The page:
Forbes India 15th Anniversary Special

Ten interesting things we read this week

Some of the most fascinating topics covered this week are: Stock Market (ASK Group's Bharat Shah on why the market is guidepost), Social Media (Boomers are getting sucked into misinformation rabbit hole), Technology (Is crypto making a comeback?), Business (New push for diversity in funding tech start-ups), and Space (Who owns our orbit?)

Published: Nov 7, 2020 11:40:36 AM IST
Updated: Nov 7, 2020 11:46:08 AM IST

Ten interesting things we read this weekImage: Shutterstock

At Ambit, we spend a lot of time reading articles that cover a wide gamut of topics, ranging from zeitgeist to futuristic, and encapsulate them in our weekly ‘Ten Interesting Things’ product. Some of the most fascinating topics covered this week are: Stock Market (ASK Group’s Bharat Shah on why the market is guidepost), Social Media (Boomers are getting sucked into misinformation rabbit hole), Technology (Is crypto making a comeback?), Business (New push for diversity in funding tech start-ups), and Space (Who owns our orbit?).

Here are the ten most interesting pieces that we read this week, ended October 06, 2020: 

1. ASK Group’s Bharat Shah on why the market is his guidepost when it comes to deciphering tangible price and intangible value [Source: Outlook Business]

With three decades in the Indian stock market, Bharat Shah of ASK Group, has lived through enough market cycles to figure out what will strike gold and what will turn to dust. With assets under management (AUM) of Rs250bn as of 31 August 2020, under ASK Investment Managers, his Indian Entrepreneur Portfolio has delivered 16.6% returns over 10 years and 7 months against BSE500’s 7.9%. He emphasizes on reading a lot. “I read every day, like I brush everyday…you just can’t procrastinate,” Shah had mentioned in an earlier interview.

Talking about the sharp recovery since March, he says that the world has seen such challenges in the past. He feels that technology-wise we have come a long way and we will able to tackle the problem at hand soon. Talking about businesses and markets, he says that there was a lot of value in March from investing perspective. But that has reduced now. The segments that he finds attractive are pharma, healthcare, diagnostic chains, chemicals, and specialty chemicals.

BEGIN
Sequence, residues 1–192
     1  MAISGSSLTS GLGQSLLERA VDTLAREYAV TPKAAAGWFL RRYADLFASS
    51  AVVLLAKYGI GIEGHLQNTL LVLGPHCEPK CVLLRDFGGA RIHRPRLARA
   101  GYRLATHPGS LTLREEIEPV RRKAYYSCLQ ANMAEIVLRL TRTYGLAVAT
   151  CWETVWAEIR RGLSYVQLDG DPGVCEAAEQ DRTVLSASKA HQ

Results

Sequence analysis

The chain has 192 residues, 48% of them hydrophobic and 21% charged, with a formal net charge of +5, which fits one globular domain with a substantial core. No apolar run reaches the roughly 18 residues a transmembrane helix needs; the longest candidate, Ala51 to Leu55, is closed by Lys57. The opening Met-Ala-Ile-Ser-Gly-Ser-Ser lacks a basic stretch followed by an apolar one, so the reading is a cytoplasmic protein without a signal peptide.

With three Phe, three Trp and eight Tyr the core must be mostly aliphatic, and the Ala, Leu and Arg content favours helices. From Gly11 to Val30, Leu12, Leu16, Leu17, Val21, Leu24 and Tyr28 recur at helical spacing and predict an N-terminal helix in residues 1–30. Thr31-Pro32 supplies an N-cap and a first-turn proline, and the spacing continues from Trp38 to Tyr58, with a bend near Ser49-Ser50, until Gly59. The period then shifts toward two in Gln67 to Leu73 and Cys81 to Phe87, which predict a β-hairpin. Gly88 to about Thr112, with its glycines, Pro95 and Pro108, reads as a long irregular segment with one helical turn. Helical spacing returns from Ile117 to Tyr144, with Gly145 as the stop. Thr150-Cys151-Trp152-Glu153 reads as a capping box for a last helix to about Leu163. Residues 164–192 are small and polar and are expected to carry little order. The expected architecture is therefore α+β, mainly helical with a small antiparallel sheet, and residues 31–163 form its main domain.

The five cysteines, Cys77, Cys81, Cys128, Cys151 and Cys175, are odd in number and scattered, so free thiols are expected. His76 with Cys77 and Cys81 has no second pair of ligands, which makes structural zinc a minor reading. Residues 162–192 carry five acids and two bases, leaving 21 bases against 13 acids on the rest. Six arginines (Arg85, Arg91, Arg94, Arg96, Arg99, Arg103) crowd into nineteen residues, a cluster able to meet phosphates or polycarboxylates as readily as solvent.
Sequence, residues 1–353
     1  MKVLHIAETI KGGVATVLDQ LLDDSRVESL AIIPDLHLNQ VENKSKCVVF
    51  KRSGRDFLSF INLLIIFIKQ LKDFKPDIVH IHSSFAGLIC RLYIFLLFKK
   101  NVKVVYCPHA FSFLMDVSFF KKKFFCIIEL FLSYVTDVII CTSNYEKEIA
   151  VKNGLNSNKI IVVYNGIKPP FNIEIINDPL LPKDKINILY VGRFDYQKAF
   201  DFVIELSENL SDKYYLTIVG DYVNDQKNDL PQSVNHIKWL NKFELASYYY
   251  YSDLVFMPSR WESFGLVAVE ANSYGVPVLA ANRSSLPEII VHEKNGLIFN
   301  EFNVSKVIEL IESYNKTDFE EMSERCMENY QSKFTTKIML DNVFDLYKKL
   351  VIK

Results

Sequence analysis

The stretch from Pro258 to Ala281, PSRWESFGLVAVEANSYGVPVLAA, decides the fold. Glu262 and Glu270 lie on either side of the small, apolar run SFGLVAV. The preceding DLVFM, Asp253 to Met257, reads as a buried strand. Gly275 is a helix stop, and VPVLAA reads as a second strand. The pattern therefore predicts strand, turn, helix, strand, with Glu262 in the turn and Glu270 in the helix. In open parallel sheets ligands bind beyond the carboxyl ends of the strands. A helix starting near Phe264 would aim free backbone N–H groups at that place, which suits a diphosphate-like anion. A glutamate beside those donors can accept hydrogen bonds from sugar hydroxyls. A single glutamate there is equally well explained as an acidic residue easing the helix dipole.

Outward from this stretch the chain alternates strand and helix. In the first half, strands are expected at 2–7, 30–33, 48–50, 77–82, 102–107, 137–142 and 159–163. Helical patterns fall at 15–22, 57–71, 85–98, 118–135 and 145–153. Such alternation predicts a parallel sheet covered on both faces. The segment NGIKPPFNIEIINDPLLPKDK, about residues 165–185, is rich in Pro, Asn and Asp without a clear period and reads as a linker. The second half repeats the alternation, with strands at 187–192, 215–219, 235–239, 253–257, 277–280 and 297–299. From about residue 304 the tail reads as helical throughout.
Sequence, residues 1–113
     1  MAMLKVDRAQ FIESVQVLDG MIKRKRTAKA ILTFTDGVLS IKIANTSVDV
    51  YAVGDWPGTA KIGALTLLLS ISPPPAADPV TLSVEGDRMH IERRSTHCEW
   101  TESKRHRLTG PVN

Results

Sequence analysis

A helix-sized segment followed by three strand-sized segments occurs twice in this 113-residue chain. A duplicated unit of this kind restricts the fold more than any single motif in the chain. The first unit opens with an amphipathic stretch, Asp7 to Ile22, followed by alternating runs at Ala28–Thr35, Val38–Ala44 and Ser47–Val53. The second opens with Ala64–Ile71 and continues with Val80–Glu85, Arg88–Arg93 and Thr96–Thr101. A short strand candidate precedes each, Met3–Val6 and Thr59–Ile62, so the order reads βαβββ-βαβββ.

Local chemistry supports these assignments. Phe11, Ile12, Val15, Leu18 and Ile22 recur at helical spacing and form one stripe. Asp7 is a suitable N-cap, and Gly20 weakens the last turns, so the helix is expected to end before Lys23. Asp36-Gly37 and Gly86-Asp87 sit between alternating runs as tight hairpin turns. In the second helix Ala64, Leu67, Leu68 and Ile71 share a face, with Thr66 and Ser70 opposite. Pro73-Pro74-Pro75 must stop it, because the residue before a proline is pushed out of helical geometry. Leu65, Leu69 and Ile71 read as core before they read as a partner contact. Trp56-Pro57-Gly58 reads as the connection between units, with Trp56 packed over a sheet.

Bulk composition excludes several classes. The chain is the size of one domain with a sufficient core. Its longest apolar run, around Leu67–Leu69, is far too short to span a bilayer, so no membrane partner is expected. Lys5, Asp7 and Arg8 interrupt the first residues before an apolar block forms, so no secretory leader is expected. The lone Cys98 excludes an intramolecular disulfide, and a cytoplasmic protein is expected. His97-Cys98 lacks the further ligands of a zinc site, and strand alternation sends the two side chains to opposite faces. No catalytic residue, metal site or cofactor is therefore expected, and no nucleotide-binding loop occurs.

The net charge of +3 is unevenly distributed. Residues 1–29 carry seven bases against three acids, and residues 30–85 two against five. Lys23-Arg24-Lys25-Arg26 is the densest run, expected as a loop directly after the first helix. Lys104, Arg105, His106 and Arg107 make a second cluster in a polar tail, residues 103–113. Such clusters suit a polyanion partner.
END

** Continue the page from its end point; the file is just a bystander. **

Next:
Mr. Shah is optimistic about the overall macroeconomic environment today. But why? 1) Cost of capital has declined materially. 2) Reforms related to agriculture. 3) Fertiliser subsidy being given directly to farmers will mean better choices. Lastly, he gives out names of the books that he is reading currently: The Behavioral Investor by Daniel Crosby, A Psychological Analysis of Adolf Hitler: His Life and Legend by Walter Langer and The Secret Teachings of all Ages by Manly Hall.

2. What is the internet doing to Boomers’ brains? [Source: Huffington Post

Misinformation is a common thing this world of social media. And it’s the older generation that is impacted the most. So far, research indicates that older Americans are a major vector of misinformation. “Older adults consume more misinformation and are more likely to share misinformation,” said Briony Swire-Thompson, a senior research scientist at Northeastern University who specializes in social media networks. During the 2016 election, users over 65 shared more fake news than any other age group and seven times more than users between 18 and 29.

Where older adults do struggle, however, is with memory and digital literacy. If younger Americans are digital natives, older Americans are digital refugees, drifting onto social media platforms slowly and haphazardly. Older Americans are worse at distinguishing news from sponsored content, spotting manipulated images and separating factual information from opinion. They also lack basic information about the structures and incentives of social media — in a 2019 survey, just 18% of Facebook users over 65 knew that the site used an algorithm to organize their feeds and deliver recommendations. Around one-third thought Facebook staffers were hand-picking stories according to their relevance and credibility.